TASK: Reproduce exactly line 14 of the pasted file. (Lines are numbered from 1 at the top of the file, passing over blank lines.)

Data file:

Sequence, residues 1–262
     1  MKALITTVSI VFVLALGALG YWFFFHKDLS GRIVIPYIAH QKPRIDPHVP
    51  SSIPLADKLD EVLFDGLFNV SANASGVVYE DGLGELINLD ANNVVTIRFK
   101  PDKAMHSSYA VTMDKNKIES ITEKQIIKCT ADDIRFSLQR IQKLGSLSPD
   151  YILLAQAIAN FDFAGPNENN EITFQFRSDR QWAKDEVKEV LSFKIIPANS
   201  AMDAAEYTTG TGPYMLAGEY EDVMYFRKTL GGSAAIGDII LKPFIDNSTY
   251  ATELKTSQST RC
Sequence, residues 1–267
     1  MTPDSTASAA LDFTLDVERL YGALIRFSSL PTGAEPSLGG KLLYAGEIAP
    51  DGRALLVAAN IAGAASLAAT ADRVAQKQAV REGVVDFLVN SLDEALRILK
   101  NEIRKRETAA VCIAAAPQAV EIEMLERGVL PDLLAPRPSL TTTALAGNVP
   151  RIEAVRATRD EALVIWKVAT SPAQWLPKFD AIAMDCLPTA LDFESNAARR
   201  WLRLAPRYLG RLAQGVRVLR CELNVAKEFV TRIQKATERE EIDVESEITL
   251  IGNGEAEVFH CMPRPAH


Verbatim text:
   251  IGNGEAEVFH CMPRPAH